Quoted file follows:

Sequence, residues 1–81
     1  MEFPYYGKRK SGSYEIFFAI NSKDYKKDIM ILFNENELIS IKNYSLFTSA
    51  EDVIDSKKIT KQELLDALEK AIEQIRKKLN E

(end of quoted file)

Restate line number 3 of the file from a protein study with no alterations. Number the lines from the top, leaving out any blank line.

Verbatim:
    51  EDVIDSKKIT KQELLDALEK AIEQIRKKLN E